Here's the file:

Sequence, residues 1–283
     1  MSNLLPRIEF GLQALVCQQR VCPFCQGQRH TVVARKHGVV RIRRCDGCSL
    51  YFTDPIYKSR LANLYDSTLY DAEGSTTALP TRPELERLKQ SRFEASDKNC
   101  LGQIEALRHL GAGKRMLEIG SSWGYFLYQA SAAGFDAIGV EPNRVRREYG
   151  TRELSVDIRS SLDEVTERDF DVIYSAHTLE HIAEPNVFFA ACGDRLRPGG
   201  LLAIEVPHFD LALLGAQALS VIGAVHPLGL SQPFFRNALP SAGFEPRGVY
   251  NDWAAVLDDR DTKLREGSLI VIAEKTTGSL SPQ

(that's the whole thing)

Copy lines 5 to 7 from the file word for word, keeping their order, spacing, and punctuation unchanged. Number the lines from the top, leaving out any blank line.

   151  TRELSVDIRS SLDEVTERDF DVIYSAHTLE HIAEPNVFFA ACGDRLRPGG
   201  LLAIEVPHFD LALLGAQALS VIGAVHPLGL SQPFFRNALP SAGFEPRGVY
   251  NDWAAVLDDR DTKLREGSLI VIAEKTTGSL SPQ